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J Neurosci. 2005 Oct 12;25(41):9434-43.

Axonal degeneration induced by targeted expression of mutant human tau in oligodendrocytes of transgenic mice that model glial tauopathies.

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  • 1Center for Neurodegenerative Disease Research, Department of Pathology and Laboratory Medicine, Institute on Aging, University of Pennsylvania, Philadelphia, Pennsylvania 19104.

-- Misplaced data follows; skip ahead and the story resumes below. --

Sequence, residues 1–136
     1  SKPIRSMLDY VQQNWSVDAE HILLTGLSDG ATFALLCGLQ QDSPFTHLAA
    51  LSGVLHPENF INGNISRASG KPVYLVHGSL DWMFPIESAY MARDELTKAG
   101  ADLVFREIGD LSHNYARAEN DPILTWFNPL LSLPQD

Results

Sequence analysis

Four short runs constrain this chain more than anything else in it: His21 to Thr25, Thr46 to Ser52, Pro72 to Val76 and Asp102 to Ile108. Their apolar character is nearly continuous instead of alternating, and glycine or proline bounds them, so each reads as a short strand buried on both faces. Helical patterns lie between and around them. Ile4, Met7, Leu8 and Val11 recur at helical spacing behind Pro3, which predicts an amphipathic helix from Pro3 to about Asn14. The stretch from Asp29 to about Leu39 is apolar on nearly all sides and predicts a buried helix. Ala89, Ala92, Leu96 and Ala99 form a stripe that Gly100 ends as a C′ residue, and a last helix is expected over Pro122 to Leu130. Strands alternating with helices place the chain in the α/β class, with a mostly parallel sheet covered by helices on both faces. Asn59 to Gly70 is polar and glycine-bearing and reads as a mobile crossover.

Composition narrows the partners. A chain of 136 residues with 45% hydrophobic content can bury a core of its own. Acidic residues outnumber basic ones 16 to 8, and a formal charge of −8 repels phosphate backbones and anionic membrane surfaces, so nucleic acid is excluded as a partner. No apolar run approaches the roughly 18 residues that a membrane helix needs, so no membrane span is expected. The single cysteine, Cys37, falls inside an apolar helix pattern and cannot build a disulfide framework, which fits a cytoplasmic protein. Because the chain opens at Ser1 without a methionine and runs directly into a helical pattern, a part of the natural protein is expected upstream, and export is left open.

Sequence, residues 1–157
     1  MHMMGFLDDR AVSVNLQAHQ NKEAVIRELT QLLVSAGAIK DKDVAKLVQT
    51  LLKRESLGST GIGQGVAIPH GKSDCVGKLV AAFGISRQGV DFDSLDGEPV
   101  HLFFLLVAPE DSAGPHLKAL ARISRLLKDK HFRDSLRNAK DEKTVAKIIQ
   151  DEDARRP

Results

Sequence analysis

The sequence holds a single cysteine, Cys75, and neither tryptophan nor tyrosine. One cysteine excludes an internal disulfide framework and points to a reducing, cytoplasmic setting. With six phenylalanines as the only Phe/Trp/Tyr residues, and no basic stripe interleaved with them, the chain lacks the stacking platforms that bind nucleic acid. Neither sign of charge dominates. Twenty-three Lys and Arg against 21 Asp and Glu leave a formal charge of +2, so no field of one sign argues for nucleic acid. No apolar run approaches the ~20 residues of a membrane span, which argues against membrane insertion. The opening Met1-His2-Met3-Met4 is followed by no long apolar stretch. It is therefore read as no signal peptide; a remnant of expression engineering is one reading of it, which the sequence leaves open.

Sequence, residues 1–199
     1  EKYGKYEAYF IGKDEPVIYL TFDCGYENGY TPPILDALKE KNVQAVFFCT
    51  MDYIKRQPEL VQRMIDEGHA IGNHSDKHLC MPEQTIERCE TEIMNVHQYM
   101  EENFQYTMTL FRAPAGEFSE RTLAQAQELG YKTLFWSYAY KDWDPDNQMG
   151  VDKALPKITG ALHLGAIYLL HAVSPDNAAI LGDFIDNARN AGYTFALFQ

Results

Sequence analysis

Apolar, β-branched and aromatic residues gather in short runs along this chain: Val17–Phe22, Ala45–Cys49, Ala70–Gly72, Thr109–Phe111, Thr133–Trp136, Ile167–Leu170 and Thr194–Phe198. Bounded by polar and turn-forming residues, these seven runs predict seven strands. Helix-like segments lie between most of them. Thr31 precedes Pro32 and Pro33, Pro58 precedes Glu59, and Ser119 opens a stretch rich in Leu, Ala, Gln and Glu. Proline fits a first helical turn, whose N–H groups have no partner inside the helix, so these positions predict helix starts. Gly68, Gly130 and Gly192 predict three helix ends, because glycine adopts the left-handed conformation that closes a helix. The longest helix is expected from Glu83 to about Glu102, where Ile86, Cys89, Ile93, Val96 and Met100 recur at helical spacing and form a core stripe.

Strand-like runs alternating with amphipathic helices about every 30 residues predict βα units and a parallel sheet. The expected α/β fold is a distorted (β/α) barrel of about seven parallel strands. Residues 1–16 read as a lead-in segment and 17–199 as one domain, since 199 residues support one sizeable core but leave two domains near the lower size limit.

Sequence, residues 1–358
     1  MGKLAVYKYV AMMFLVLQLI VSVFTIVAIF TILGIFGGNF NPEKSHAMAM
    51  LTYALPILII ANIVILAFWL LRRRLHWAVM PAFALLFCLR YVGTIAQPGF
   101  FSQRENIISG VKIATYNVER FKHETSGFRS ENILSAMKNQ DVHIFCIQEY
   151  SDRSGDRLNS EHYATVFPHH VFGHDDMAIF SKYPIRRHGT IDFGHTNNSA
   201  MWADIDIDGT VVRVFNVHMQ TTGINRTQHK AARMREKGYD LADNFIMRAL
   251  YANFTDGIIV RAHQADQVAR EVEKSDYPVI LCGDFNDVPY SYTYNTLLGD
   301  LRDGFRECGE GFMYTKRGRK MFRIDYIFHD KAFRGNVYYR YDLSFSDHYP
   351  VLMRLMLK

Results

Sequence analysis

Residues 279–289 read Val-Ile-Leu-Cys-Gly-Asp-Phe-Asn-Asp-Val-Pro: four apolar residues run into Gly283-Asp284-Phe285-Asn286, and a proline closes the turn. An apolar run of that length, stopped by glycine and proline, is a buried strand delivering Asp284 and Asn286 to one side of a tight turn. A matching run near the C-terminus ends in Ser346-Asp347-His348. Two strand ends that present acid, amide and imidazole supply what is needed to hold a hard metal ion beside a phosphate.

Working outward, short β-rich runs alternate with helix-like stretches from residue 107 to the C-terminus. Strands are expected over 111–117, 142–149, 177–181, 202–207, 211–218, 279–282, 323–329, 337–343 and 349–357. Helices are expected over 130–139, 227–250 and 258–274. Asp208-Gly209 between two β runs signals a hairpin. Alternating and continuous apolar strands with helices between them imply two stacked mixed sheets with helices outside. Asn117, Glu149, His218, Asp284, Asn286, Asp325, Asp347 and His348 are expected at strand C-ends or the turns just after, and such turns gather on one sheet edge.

Abundant filamentous tau inclusions in oligodendrocytes (OLGs) are hallmarks of neurodegenerative tauopathies, including sporadic corticobasal degeneration and hereditary frontotemporal dementia with parkinsonism linked to chromosome 17 (FTDP-17). However, mechanisms of neurodegeneration in these tauopathies are unclear in part because of the lack of animal models for experimental analysis. We address this by generating transgenic (Tg) mice expressing human tau exclusively in OLGs using the 2',3'-cyclic nucleotide 3'-phosphodiesterase promoter. Filamentous OLG tau inclusions developed in these Tg mice as a result of human tau expression in OLGs, especially those expressing the FTDP-17 human P301L mutant tau. Notably, structural disruption of myelin and axons preceded the emergence of thioflavin-S positive tau inclusions in OLGs, but impairments in axonal transport occurred even earlier, whereas motor deficits developed subsequently, especially in Tg mice with the highest tau expression levels. These data suggest that the accumulation of tau in OLG cause neurodegeneration, and we infer they do so by disrupting axonal transport. We suggest that similar defects may also occur in sporadic and hereditary human tauopathies with OLG tau pathologies.

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